After 69 years, one American who paid the ultimate price during World War II came home to his final resting place.
While family members said they're relieved his remains are back in Manningtown, it's still a bittersweet feeling.
Eva Hinerman, Jerome's sister, said, "At least we'll all be together, in the United States, which we thought would never happen, but it did. I'm thankful, but I'm sad."
There was all sorts of local support for the fallen hero Sunday afternoon. Kiger's family was even presented with the Purple Heart for Kiger.
Jack Cople, who attended the funeral in support of Jerome, said, "You don't see something like this that often. It's nice that they have something for a returning brother, from anywhere."
Even the man who discovered Kiger's remains in Germany was there.
Markus Mooser, the man who discovered Jerome's remains in Germany, said, "Jerome took me here, and I had to bring him back home. It's also important that I brought back one man, one American hero, home to his family."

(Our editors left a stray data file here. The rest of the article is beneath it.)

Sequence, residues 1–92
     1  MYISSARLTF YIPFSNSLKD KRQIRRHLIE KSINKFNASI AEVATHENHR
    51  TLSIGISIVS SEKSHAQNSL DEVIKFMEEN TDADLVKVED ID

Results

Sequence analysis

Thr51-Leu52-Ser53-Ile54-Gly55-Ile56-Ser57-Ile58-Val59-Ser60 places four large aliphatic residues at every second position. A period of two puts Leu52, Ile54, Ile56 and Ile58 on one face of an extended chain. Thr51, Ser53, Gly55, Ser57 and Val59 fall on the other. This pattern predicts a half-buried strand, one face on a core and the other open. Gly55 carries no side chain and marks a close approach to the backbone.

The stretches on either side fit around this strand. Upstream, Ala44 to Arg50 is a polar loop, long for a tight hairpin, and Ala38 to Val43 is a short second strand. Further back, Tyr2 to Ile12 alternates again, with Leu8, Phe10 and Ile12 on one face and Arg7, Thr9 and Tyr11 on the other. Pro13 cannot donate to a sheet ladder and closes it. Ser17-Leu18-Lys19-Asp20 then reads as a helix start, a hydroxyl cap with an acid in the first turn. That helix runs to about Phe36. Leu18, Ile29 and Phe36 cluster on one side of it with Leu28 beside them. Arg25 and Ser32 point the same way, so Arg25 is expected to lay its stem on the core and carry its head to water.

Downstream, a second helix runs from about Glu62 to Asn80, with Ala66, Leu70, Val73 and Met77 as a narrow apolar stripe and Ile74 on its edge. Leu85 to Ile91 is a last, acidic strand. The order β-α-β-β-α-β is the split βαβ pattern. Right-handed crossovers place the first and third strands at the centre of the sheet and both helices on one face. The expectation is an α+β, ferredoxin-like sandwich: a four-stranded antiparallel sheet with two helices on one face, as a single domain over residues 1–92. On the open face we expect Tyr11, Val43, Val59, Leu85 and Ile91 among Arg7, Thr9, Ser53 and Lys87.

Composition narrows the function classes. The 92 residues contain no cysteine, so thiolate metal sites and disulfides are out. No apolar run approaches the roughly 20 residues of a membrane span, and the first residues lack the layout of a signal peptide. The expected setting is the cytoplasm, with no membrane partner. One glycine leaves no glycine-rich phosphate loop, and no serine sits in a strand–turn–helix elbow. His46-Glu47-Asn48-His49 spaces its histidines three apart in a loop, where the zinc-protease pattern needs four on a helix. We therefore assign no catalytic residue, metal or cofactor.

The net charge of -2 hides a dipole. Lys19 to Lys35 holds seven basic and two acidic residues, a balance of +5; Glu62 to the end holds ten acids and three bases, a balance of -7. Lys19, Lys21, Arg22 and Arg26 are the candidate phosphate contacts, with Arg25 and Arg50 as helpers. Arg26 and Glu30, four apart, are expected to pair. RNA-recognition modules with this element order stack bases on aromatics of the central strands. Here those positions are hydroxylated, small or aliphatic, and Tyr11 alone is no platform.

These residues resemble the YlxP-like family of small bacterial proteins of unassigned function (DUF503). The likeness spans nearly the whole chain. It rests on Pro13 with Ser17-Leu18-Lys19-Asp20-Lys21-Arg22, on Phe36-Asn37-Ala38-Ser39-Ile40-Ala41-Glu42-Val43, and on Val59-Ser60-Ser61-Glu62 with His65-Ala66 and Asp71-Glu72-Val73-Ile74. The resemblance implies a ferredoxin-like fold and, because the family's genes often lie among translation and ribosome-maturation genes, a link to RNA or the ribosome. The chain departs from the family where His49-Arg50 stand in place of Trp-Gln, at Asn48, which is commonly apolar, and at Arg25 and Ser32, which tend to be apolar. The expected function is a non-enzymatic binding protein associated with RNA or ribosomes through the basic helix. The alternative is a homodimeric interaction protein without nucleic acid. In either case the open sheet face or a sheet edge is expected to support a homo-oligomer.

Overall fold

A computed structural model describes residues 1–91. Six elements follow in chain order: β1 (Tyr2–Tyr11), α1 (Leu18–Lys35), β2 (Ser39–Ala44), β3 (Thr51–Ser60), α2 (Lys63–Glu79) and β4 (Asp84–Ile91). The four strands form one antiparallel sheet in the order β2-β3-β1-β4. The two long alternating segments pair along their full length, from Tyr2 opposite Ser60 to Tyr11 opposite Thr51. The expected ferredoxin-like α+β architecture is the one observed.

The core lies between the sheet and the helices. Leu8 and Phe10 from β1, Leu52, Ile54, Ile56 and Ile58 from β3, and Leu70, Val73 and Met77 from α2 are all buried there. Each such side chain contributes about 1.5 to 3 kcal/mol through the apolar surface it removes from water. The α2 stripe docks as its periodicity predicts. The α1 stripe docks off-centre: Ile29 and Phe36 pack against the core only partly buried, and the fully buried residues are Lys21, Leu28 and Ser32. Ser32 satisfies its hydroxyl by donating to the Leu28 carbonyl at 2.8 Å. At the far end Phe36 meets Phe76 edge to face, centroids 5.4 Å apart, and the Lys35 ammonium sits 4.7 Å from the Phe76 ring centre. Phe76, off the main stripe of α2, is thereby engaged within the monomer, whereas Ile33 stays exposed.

One military member said it means not only a lot to the people of Mannington, but to the entire state as well.
Sergeant John Oliverio said, "I think it's wonderful, not only for the people that are family, the people of Mannington, the people of Marion County, state of West Virginia, and the United States to show that we truly leave no solider behind."
Governor Early Ray Tomblin has declared July 21st as Jerome Kiger Day in West Virginia.